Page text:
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MA Web Design and Content Planning

10 pieces of advice for budding UX professionals

How many times have you bought a new product, opened the box, and begun attempting to use the product before ever looking at the manual? If you’re a typical user, chances are you almost always refer to the manual as a last resort, when your innate ability to divine the workings of something just by look and feel lets you down. Whether you’ve already started or are hoping to train as a designer, you’ve spent your life using and relying on products and services designed by other people. If you are anything like me, then no doubt you have at least occasionally screamed out in frustration: “Who the hell designed this damned thing?”

I am, of course, talking about interface design: the critical bridge between man and machine; the boundary layer between the human and the system. A subject that has become an important field of study and a career path, such that many universities are now teaching whole degrees on the subject: Human-Computer Interaction, or HCI, and organisations hire professionals specialising in it [1]. “But wait, I thought this article was about UX?” I hear you ask, which is a good segue into our first piece of advice!

1. Know what you’re signing up for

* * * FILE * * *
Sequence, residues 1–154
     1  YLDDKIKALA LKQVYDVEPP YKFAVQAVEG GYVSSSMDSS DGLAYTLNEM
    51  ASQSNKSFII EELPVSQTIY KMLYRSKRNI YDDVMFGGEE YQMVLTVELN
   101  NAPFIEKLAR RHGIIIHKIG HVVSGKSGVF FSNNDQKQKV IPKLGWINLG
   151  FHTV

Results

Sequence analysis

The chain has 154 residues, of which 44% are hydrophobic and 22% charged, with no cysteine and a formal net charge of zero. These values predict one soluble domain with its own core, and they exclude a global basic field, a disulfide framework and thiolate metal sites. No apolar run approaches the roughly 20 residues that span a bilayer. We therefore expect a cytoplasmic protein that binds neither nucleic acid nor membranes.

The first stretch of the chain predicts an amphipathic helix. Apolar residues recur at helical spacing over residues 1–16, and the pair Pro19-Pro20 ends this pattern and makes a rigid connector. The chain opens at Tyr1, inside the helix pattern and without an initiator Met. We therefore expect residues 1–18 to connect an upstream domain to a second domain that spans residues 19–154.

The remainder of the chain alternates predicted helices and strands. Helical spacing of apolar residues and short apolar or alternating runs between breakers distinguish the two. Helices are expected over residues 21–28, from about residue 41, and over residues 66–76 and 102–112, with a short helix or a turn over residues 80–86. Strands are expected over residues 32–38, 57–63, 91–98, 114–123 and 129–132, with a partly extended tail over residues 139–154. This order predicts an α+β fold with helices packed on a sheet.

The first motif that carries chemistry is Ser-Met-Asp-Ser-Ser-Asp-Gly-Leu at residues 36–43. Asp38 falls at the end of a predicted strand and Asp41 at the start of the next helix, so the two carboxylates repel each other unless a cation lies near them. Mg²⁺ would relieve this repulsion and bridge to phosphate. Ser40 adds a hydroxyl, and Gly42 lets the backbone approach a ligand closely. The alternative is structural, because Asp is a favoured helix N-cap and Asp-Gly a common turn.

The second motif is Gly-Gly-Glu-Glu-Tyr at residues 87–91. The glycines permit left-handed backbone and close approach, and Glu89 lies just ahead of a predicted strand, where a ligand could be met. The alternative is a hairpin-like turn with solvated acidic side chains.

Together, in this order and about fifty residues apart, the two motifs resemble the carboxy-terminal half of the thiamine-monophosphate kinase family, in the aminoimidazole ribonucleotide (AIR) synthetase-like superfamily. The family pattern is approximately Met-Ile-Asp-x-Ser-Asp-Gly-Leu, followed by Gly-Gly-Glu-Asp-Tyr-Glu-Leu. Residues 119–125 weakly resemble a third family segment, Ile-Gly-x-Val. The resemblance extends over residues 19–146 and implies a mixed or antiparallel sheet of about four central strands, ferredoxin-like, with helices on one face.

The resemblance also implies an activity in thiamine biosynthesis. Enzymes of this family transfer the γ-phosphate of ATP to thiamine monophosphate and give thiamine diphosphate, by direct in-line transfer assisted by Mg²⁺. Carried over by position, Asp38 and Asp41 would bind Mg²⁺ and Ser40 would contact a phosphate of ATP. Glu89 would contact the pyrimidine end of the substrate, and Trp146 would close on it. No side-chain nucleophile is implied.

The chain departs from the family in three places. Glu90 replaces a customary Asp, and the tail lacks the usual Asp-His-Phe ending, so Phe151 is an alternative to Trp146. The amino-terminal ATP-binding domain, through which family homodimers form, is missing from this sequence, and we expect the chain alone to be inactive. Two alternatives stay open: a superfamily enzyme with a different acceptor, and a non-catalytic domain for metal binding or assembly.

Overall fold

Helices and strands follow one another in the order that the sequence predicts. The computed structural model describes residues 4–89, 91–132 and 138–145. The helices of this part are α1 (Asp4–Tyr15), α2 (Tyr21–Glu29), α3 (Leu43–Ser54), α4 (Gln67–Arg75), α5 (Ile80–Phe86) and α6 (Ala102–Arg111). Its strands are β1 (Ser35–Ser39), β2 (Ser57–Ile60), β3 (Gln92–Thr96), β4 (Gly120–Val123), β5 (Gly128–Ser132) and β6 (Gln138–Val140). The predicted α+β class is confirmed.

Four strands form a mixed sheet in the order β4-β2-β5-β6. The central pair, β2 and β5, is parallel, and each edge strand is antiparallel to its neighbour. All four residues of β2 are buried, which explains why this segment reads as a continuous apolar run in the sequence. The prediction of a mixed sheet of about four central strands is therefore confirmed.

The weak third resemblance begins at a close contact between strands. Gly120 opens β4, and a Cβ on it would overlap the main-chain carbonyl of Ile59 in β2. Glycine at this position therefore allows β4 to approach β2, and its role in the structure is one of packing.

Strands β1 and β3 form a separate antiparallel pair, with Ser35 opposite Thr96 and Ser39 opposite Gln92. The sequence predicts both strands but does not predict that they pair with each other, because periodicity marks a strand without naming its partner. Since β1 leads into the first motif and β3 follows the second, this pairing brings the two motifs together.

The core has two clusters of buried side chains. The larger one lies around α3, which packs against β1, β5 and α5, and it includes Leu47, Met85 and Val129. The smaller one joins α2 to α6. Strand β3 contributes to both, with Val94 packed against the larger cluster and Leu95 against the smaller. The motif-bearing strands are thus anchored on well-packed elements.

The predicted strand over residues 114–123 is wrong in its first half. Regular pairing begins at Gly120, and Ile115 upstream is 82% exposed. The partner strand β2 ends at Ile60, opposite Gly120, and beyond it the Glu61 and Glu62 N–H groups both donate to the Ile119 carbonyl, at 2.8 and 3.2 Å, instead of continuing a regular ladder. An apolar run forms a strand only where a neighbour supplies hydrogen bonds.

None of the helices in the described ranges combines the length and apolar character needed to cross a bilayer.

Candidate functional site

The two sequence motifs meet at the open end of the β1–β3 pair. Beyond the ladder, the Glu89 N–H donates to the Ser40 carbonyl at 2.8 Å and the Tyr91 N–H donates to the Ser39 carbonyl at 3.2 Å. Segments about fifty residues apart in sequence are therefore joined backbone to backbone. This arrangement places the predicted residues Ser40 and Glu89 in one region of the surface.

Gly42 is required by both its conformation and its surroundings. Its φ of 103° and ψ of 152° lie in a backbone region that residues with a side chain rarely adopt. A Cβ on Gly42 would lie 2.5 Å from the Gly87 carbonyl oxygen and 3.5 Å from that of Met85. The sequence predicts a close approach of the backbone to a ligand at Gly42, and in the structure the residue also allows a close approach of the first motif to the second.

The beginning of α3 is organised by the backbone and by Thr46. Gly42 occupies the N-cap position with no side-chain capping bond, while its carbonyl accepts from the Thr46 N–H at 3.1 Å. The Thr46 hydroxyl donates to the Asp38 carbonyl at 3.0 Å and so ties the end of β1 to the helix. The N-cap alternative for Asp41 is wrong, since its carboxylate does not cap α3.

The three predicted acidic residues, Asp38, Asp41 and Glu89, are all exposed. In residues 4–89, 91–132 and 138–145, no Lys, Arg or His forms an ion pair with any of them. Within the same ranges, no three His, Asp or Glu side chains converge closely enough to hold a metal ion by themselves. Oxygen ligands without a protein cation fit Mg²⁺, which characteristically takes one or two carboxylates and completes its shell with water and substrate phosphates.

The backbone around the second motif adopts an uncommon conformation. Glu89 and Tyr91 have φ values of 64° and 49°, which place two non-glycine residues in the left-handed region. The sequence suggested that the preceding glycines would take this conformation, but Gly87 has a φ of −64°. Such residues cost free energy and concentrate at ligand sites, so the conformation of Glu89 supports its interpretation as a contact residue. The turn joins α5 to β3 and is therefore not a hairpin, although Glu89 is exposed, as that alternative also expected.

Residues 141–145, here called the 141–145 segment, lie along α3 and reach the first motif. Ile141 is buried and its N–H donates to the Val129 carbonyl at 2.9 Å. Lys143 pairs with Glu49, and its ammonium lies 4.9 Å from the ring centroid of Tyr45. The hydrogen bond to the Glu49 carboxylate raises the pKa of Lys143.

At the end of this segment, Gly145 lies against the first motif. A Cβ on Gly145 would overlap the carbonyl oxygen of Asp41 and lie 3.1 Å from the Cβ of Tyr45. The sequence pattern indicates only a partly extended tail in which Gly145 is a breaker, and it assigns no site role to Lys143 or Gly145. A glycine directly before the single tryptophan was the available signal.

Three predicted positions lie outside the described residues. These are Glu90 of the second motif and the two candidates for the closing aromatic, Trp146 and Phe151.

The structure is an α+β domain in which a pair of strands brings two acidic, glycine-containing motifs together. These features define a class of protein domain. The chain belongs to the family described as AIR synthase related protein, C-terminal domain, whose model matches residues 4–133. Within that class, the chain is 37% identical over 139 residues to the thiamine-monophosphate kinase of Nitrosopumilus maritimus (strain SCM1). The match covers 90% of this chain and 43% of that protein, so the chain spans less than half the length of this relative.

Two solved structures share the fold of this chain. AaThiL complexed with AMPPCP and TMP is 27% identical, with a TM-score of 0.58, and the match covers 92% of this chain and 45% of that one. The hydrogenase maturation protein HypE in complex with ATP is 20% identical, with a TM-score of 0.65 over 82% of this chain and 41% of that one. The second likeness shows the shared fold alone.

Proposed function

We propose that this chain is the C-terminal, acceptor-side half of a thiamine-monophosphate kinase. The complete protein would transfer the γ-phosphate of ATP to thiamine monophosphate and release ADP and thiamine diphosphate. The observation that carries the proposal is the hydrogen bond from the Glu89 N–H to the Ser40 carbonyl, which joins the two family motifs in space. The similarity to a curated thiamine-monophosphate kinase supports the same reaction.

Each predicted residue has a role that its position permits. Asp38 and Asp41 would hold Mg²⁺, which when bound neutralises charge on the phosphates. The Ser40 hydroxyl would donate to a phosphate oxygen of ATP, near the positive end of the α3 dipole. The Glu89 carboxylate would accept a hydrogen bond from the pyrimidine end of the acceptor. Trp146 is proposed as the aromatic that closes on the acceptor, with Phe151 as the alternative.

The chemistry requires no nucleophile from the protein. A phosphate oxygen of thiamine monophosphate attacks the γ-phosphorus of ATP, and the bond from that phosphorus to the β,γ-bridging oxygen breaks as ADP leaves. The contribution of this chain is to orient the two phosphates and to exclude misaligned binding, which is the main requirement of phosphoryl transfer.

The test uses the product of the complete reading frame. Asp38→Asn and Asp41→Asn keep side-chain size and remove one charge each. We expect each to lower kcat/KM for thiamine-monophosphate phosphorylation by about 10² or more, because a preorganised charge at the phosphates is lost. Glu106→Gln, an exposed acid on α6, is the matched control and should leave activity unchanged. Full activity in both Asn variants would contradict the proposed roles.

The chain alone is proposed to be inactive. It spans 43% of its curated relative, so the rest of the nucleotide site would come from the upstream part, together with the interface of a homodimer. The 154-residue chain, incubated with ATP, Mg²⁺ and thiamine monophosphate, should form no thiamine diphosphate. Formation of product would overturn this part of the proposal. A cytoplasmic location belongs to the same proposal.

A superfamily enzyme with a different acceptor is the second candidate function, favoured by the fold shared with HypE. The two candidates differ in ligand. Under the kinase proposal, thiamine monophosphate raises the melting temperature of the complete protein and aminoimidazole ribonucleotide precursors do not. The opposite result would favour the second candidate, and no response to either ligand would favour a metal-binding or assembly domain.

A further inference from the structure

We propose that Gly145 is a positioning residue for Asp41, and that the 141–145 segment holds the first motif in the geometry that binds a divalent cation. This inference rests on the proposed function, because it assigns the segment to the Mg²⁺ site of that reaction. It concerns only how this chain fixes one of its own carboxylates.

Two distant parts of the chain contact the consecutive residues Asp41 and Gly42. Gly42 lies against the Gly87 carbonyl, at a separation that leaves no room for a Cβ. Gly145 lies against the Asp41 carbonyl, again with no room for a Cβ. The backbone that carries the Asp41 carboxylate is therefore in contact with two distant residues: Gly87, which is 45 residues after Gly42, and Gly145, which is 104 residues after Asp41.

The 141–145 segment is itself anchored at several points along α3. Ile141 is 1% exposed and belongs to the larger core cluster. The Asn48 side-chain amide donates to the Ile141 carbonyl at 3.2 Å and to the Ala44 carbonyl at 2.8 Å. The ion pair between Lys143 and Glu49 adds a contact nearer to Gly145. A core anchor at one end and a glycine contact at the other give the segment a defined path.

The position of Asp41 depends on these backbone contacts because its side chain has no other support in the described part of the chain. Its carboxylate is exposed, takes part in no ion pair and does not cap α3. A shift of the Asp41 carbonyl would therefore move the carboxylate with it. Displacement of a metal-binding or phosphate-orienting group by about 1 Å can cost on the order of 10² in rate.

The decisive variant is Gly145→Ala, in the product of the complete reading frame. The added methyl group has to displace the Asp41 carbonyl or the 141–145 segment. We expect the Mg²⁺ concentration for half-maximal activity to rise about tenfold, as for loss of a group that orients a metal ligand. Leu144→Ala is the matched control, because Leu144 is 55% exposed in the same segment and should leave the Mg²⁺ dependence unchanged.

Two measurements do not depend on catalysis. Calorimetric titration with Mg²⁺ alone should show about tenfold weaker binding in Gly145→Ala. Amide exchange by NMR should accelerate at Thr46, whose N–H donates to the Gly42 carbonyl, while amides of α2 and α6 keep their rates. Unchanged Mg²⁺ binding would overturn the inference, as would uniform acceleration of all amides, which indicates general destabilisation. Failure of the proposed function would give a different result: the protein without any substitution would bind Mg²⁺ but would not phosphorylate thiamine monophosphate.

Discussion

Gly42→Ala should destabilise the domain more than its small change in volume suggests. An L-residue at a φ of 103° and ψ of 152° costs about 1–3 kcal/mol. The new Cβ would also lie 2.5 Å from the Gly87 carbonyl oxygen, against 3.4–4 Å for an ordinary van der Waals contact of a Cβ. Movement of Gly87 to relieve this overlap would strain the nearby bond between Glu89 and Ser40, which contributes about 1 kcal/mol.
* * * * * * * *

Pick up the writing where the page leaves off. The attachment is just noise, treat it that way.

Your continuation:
The world of information technology has a love affair with acronyms and jargon like no other; it probably grows at the same rate as Moore’s Law predicts processor transistors should increase! Professional nomenclature in the industry can be just as confusing and frequently misused. So why are there so many names for what sounds like the same thing? HCI, User Interface (UI) and User Experience (UX) share many of the same areas of interest, but they are actually distinct.

HCI is a multi-disciplinary academic field of study that came about around the advent of consumer computing and concerned itself only with interactions between humans and burgeoning computer technology. Since then, it has grown to accommodate all forms of information technology and so naturally incorporates UI and UX design [2].

So you can consider that UI and UX are its practical applications in industry, and they have become popularised by the rise of the Web, and the increasing sophistication of content delivered on it. So what’s the difference between a UI designer and a UX designer? Put simply, they are like two sides of the same coin.

A UI designer’s role is focused on the aesthetic aspects of creating a visually appealing interface components: making use of graphic design techniques like typography, colour and styling. A UX designer’s role is more scientific and analytical: focussed on gathering, processing and drawing insights from user research to inform and refine initial design prototypes.